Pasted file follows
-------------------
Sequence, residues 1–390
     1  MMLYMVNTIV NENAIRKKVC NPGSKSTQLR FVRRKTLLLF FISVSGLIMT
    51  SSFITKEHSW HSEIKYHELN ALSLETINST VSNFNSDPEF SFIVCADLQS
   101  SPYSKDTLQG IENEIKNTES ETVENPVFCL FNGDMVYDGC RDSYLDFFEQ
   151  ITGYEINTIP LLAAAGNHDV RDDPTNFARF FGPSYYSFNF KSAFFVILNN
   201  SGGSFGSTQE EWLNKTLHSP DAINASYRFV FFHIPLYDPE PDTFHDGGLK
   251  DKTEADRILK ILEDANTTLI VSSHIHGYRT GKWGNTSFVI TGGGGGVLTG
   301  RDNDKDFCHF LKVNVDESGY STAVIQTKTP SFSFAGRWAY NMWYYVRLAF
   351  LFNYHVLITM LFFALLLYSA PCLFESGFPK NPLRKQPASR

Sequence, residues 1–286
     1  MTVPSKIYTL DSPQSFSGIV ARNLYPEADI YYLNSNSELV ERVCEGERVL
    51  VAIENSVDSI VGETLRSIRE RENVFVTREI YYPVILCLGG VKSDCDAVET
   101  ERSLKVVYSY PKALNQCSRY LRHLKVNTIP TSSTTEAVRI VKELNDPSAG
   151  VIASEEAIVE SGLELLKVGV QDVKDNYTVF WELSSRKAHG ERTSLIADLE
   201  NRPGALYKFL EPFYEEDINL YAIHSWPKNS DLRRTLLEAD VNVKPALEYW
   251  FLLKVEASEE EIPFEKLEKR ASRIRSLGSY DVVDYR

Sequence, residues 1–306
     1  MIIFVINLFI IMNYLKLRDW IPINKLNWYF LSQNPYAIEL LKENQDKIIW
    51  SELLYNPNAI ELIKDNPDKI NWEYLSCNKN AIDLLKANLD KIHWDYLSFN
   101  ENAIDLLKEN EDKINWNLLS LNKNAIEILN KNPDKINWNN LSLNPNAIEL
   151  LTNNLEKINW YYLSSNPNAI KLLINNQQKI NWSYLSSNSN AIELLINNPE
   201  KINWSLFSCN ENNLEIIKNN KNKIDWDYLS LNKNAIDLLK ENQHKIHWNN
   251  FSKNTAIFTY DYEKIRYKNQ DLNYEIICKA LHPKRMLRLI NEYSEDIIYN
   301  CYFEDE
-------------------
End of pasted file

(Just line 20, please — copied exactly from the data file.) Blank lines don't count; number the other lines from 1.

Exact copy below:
   101  ENAIDLLKEN EDKINWNLLS LNKNAIEILN KNPDKINWNN LSLNPNAIEL